Ulcers and zebras highlight Sapolsky's appearance
Feeling stressed? Learn more about what causes stress and stress-related illness in humans when Eastern Washington University and the Daniel and Margaret Carper Foundation present “Why Zebras Don’t Get Ulcers: An evening with Robert Sapolsky,” at 7 p.m., Thursday, April 24 at the Martin Woldson Theater at the Fox in downtown Spokane.
Sapolsky is a science and nature writer, biologist, neuroscientist, and a highly renowned stress expert. He is a MacArthur “Genius” Fellow, a professor of biology and neurology at Stanford University and a research associate with the Institute of Primate Research at the National Museum of Kenya.
Making a rare appearance in Spokane, Sapolsky will be talking about his experiences and research on human stress.
As a boy in New York City, Sapolsky dreamed of living inside the African dioramas in the Museum of Natural History. By the age of 21, he made it to Africa and joined a troop of baboons. He chose to live with the baboons because they are perfect for learning about stress and stress-related diseases in humans. Like their human cousins, baboons live in large, complex social groups and have lots of time, Sapolsky writes, “to devote to being rotten to each other.”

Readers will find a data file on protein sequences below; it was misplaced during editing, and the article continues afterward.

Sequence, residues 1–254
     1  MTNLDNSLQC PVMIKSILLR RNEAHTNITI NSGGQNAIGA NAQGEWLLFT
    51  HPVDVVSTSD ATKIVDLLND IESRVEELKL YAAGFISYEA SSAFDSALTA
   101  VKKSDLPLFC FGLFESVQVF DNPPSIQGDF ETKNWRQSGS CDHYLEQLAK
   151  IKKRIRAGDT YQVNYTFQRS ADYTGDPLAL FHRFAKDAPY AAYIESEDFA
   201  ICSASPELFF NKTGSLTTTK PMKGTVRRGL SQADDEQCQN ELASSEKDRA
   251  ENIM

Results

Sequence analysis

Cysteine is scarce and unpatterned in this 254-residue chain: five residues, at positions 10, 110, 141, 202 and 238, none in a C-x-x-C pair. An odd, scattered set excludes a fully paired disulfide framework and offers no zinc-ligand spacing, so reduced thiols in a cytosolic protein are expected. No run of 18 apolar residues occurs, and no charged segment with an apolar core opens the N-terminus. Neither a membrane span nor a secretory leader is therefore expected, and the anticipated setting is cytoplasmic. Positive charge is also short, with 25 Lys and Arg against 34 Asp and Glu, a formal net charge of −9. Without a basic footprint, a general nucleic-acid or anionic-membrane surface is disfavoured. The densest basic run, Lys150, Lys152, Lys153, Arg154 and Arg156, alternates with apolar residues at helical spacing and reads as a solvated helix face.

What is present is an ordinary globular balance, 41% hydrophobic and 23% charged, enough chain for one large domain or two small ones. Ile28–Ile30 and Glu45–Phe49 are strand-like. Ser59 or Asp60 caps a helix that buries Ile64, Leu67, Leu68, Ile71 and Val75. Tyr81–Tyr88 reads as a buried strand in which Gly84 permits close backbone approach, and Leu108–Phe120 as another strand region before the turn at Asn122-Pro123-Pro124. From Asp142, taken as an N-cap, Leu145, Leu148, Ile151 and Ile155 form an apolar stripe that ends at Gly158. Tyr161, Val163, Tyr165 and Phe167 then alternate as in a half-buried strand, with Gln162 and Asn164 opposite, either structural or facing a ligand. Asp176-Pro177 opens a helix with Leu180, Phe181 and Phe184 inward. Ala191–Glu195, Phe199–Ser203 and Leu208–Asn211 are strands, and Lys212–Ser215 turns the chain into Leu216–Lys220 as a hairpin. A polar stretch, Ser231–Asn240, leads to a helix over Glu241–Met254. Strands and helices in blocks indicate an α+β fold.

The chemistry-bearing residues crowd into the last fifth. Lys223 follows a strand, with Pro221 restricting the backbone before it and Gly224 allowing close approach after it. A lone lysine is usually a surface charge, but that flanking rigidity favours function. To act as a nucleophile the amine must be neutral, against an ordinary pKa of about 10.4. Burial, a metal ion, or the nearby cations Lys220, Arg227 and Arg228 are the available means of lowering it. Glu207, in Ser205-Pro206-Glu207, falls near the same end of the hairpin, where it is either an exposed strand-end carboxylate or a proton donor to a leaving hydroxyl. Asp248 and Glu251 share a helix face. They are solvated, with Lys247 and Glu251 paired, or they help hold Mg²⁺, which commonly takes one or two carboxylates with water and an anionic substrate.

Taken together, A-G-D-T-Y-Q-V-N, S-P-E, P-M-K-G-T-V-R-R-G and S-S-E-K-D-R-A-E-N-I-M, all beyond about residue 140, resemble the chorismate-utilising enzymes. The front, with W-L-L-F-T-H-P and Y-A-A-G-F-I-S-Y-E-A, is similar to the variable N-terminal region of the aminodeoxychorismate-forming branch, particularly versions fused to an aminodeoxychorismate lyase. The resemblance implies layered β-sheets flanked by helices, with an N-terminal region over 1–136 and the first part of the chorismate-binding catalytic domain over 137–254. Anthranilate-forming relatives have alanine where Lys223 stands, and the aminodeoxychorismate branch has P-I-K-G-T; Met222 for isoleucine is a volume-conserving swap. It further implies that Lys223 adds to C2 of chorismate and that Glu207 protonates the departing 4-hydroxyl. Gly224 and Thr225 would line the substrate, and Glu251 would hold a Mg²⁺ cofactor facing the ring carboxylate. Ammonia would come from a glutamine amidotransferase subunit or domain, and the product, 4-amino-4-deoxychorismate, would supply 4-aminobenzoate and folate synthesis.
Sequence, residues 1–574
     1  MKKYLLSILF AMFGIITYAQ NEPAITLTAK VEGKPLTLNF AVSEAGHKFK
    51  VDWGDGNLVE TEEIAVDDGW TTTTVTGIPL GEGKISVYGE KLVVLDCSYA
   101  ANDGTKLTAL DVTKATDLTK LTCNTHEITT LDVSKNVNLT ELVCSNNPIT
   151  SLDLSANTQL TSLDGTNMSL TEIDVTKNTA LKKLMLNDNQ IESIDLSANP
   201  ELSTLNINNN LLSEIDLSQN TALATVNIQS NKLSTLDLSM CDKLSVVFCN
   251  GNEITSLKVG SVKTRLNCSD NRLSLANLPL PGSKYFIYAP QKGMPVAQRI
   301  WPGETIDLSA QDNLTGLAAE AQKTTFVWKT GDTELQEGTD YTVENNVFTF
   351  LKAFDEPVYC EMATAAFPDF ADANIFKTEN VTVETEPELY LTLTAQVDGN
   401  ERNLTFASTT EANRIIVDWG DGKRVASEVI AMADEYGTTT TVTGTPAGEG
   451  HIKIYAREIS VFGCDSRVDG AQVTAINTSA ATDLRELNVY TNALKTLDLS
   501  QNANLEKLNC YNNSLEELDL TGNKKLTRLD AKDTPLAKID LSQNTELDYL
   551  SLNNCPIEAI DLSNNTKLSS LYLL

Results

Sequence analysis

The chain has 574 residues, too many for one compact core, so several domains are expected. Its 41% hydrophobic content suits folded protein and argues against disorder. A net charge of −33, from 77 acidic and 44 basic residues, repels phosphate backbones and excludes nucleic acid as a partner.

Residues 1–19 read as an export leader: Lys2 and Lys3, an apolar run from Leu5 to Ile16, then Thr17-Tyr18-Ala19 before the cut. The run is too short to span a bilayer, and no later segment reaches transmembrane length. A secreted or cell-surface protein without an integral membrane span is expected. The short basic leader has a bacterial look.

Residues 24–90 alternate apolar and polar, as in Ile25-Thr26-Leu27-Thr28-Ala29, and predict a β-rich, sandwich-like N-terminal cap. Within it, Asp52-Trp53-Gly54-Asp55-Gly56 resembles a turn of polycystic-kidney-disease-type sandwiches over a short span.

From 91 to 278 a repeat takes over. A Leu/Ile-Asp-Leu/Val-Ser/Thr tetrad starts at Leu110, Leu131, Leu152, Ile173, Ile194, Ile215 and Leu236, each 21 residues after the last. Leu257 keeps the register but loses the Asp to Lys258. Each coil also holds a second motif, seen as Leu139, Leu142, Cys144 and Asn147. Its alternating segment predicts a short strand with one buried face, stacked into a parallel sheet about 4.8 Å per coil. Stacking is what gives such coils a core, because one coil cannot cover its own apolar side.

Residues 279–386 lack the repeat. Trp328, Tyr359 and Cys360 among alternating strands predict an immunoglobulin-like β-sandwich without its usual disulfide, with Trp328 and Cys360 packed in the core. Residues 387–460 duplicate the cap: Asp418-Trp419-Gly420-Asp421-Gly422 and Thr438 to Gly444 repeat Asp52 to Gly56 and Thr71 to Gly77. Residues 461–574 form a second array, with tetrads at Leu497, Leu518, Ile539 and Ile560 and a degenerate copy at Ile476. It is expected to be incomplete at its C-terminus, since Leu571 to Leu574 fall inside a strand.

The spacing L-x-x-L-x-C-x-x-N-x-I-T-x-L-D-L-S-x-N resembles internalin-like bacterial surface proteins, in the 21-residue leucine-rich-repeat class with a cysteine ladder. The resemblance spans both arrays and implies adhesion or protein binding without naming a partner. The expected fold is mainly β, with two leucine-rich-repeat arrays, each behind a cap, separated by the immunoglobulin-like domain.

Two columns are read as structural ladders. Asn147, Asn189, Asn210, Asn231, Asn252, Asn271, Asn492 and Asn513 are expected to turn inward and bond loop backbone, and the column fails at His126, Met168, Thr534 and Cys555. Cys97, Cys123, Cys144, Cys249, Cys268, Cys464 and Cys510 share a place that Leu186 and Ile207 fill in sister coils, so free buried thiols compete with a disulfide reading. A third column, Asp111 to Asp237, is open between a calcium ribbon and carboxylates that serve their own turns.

The problem for people, as Sapolsky explains in his book is that our bodies’ stress response evolved to help us get out of short-term physical emergencies — if a lion is chasing you, you run. But such reactions, he points out, compromise long-term physical health in favor of immediate self-preservation.
Unfortunately, when confronted with purely psychological stressors, such as troubleshooting the fax machine, modern humans turn on the same stress response. “If you turn it on for too long,” notes Sapolsky, “you get sick.”
In 2008, National Geographic and PBS aired an hour-long special on stress featuring Sapolsky and his research on the subject.
A book signing in the lobby of the theater will follow the event. Admission is free for all.